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The internet is a double-edged sword. It’s filled with useful information. We have knowledge and power at our fingertips, and there is a lot of good it can do for the world. But, the internet is also dangerous and scary. There are dark corners of the internet where harmful things lurk. How can we keep our students safe? If you ever use technology in your classroom, it’s imperative that you teach internet safety for kids. What does internet safety mean? Internet safety for kids can mean a wide variety of things, from protecting passwords to not having access to inappropriate content. Essentially, internet safety is about protecting the student (and also equipment) from potentially dangerous content. When teaching internet safety, especially to young students, it might feel a little awkward. How do I explain that the internet can be a dangerous place? However, with younger students, you don’t need
Hosting a family literacy night or reading night is a great opportunity to get parents involved in the school and grow students’ love of reading. Parents don’t often get a glimpse of what their child is working on and doing at school each day, but with literacy nights, you can bring the parent into the school and share literacy tips and research. Of course, a well-planned literacy night can take time and effort to put together. I want to pass along some planning tips, literacy night themes, and activities you can use as you plan. What is a Family Literacy Night? Also called family reading night, a literacy night is a chance to provide important information about a child’s literacy skills and share reading strategies with families. It’s also an opportunity to get families involved in the school and student learning. During the literacy night, you can focus on
When you think of reading, charts and graphs probably aren’t the first things to come to mind. But when reading nonfiction texts, these elements play a role in understanding the text. Many times I’ve asked students to read a caption or refer to information from a chart, only to get a blank stare back. This just tells me how important it is to directly teach text features in nonfiction. What are nonfiction text features? Text features are the elements of an informational text not found within the main body of the text. This includes elements that come before and after the text (such as the table of contents or glossary) and the elements surrounding the text (such as labels and graphs). To help students understand the importance of text features, I like to give them a few examples. In one example, I will have them read directions to another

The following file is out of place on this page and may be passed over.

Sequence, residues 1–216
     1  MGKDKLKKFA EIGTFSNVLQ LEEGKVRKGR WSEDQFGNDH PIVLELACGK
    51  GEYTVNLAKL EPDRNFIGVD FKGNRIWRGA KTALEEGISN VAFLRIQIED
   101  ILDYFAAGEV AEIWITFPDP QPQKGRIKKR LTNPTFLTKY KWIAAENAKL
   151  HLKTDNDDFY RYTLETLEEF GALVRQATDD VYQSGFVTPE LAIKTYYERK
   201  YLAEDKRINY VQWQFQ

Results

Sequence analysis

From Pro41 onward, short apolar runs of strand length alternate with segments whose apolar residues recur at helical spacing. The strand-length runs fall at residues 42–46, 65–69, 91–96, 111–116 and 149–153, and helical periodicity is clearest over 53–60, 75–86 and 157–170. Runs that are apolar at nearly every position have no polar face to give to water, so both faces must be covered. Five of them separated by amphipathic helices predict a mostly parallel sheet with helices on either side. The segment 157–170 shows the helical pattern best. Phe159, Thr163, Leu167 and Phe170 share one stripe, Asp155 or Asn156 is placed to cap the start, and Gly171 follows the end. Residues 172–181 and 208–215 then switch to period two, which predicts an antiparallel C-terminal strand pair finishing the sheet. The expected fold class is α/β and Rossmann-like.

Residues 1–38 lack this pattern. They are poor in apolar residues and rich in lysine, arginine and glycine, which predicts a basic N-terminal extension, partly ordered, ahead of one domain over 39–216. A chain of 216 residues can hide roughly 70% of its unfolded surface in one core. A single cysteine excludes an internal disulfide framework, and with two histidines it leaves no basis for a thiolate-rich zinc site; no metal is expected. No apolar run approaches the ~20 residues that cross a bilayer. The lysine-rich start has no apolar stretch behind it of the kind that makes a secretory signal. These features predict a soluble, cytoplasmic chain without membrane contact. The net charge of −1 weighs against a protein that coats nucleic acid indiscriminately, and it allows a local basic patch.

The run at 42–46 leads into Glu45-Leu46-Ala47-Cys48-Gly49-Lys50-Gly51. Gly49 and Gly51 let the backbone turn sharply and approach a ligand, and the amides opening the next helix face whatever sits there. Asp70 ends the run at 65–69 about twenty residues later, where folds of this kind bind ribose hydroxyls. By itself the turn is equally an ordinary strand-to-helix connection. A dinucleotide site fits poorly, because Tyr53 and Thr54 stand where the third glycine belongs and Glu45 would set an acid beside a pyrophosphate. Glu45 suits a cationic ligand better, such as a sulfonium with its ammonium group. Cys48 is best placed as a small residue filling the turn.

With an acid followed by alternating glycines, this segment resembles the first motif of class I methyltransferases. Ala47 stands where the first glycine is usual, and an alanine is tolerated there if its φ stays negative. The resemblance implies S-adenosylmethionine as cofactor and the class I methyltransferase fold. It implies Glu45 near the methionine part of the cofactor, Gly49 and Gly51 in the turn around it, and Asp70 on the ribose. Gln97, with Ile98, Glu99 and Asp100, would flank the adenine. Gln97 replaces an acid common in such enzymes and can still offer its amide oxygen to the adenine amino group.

It’s library check-out time, and you’re wishing you had six more arms and three sets of eyes. Between checking out books, figuring out overdue books, and managing other students in the library – it can feel like a full-time job for at least three people. And yet, it’s just you.  I wanted to share some library activities that can help check-out time run smoothly. These activities are meant to keep other students busy and on task, while you man the check-out counter. I’ll also give some library activities for students with overdue books, who are unable to check out a new book. #1 Keep a Box of Weeded Out Books When you go through and weed out old books, instead of tossing them or leaving them in the hallway, keep them in a box. During check-out time, allow students to search through the box and find a book they
Summarizing and paraphrasing can be difficult skills for students to master. Often they do not understand the differences between the two and when to use them. In the library, I review these skills when I do any type of research project. Teaching a skill in context is always more effective than teaching it in isolation.  The Difference Between Summarizing and Paraphrasing Summarizing is retelling the main idea in your own words. A summary should be short and to the point. Only the most important ideas should be included. Whereas paraphrasing is retelling the text in your own words. These two concepts are very similar which leads to the confusion many students have.  How I Teach My Students About Summarizing and Paraphrasing This is why I created my Summarizing and Paraphrasing Activity Pack. This activity pack is designed to engage your students in meaningful practice in key reading skills with
Students need to read and learn about many different types of informational texts, including biographies. A biography research project can combine many important skills besides just learning about the life of an important person, such as: note-taking summarizing and paraphrasing information evaluating information finding the best sources for information organizing information the importance of citing your sources  practice writing informational text Basics of a Biography Teach students the call number  When I teach about biographies in the library, I start by showing students the biography section and pointing out the call number for biographies. I always give my biographies the call number of 92; however, each library is different.  What’s the difference between a biography and an autobiography? I then like to discuss the difference between a biography and an autobiography. A biography usually provides facts about a person from their childhood through adulthood and is written by someone